To assess the degree to which genetic variants influence epigenome activity, we are integrating epigenetic and genotypic data to identify variants that induce allelic imbalance in the magnitude of histone post-translational modifications, referred to herein as enhancer histone quantitative trait loci (hQTLs).
We have demonstrated that enhancer hQTLs are enriched on autoimmune disease risk haplotypes and disproportionately influence gene expression variability compared with non-hQTL variants in strong linkage disequilibrium. In addition, we identified significant eQTL x hQTL interactions that reveal substructure within eQTL gene expression, suggesting potential implications for functional genomic studies that leverage eQTL data for subject selection and stratification.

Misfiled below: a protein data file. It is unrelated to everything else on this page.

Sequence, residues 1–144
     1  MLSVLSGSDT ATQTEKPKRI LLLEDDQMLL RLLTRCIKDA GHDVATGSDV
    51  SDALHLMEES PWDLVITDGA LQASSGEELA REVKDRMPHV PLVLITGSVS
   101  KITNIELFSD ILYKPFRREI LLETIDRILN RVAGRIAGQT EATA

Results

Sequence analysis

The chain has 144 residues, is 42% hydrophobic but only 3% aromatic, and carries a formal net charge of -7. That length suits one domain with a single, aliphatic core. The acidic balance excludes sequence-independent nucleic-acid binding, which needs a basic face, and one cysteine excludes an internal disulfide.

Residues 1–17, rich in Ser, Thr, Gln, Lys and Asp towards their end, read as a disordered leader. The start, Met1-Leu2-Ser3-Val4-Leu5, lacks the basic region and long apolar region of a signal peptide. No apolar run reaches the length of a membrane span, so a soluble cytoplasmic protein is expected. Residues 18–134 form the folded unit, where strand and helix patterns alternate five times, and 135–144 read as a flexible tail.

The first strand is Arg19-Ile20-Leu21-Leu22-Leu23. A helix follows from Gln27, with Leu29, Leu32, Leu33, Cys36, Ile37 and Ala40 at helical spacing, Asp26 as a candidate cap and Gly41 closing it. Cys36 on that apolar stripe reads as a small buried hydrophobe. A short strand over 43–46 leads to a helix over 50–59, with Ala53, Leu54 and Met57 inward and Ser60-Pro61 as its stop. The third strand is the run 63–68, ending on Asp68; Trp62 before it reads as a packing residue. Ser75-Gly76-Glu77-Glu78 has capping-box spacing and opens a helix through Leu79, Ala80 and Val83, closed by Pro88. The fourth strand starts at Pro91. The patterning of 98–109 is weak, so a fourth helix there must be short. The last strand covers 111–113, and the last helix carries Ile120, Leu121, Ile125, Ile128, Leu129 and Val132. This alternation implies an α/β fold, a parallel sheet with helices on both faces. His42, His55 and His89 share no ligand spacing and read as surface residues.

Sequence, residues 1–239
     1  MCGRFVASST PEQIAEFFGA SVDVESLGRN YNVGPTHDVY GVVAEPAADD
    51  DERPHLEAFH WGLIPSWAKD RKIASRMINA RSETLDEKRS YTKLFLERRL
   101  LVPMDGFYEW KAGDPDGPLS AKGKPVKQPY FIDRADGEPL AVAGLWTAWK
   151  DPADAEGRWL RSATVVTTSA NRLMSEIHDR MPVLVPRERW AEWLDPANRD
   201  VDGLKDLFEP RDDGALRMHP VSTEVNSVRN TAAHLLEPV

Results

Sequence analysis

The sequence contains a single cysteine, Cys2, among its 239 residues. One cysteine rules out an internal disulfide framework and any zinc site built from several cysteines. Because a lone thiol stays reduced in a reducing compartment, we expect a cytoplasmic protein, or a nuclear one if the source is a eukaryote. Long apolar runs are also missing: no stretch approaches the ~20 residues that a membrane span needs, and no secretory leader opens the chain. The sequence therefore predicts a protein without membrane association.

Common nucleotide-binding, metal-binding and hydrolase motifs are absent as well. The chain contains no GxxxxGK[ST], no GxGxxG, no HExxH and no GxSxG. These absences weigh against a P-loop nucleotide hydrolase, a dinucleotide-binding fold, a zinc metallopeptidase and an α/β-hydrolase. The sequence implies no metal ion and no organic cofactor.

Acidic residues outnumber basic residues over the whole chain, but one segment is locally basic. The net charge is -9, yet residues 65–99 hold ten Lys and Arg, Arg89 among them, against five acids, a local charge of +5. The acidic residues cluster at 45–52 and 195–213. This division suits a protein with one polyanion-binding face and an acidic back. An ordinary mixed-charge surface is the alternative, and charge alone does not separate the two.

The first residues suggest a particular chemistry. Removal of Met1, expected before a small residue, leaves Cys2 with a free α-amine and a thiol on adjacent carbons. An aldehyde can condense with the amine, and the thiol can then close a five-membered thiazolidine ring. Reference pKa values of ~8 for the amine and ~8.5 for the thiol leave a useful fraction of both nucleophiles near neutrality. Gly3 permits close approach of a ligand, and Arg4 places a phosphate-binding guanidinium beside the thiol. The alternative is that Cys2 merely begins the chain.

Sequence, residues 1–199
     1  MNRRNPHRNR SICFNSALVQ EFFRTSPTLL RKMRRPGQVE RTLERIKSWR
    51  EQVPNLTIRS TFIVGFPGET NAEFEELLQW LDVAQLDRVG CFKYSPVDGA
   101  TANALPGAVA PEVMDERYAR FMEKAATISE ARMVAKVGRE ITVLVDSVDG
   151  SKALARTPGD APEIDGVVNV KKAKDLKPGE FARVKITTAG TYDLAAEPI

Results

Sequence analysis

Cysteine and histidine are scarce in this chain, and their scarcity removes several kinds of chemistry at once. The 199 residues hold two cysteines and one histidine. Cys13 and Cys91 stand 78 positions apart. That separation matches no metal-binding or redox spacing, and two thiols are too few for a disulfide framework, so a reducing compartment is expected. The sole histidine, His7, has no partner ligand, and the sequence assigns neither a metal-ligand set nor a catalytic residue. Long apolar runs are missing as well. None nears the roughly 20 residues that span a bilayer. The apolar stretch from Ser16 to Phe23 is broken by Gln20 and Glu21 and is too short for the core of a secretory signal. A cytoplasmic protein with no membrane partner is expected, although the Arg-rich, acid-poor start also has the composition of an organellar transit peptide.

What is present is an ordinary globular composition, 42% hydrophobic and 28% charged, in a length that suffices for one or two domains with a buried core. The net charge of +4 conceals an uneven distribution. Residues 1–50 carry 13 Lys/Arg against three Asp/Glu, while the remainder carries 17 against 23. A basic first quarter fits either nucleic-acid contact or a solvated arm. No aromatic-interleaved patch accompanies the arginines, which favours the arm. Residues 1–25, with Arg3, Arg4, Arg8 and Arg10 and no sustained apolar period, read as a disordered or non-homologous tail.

Lastly, our hQTL approach is shedding new light on the HLA Class II region; a region with the most reproducibly significant GWAS associations with autoimmune diseases, but arguably the least understood. Our findings suggest that the epigenome differentially regulates the two prominent SLE risk haplotypes, HLA-DR3 and HLA-DR15, resulting in different 3D chromatin conformations and gene expression (see featured figure).
Our latest discoveries are featured in Pelikan, et al. 2018 Nat Comm. https://www.nature.com/articles/s41467-018-05328-9